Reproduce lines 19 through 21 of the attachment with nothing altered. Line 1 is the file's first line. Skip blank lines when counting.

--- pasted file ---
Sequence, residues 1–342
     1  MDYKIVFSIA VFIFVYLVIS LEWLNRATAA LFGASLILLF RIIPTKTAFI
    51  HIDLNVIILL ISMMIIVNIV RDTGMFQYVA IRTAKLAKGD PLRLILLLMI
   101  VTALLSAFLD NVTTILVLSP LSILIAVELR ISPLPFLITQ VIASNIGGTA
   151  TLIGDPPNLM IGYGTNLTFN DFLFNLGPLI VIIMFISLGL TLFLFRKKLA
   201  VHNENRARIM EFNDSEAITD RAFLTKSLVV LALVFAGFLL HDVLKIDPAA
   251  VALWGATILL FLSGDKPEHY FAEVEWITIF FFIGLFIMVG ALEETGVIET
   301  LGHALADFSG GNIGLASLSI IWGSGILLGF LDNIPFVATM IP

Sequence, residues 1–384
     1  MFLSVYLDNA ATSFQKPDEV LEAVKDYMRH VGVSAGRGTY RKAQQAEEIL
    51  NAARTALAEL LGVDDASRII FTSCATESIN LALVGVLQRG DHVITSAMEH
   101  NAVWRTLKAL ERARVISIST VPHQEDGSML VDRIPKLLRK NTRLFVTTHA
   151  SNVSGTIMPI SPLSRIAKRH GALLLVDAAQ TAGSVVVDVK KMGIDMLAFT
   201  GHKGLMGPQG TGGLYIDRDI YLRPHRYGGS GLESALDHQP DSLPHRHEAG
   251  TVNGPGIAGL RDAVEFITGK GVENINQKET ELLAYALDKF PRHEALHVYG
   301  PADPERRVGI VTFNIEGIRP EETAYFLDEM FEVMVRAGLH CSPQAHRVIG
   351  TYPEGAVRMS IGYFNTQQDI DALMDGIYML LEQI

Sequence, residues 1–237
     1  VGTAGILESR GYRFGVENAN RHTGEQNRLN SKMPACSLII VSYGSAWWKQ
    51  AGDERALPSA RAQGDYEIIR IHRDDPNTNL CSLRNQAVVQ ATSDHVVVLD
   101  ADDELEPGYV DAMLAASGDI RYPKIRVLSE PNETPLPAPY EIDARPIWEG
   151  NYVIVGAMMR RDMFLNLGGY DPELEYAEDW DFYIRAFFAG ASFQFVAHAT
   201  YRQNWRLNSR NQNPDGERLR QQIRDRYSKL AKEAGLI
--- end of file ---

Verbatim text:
     1  VGTAGILESR GYRFGVENAN RHTGEQNRLN SKMPACSLII VSYGSAWWKQ
    51  AGDERALPSA RAQGDYEIIR IHRDDPNTNL CSLRNQAVVQ ATSDHVVVLD
   101  ADDELEPGYV DAMLAASGDI RYPKIRVLSE PNETPLPAPY EIDARPIWEG